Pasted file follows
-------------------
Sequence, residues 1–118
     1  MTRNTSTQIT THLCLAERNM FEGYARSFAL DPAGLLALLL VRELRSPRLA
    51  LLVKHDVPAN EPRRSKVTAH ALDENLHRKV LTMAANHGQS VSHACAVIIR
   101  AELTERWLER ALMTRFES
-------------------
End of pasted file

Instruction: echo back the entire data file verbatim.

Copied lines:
Sequence, residues 1–118
     1  MTRNTSTQIT THLCLAERNM FEGYARSFAL DPAGLLALLL VRELRSPRLA
    51  LLVKHDVPAN EPRRSKVTAH ALDENLHRKV LTMAANHGQS VSHACAVIIR
   101  AELTERWLER ALMTRFES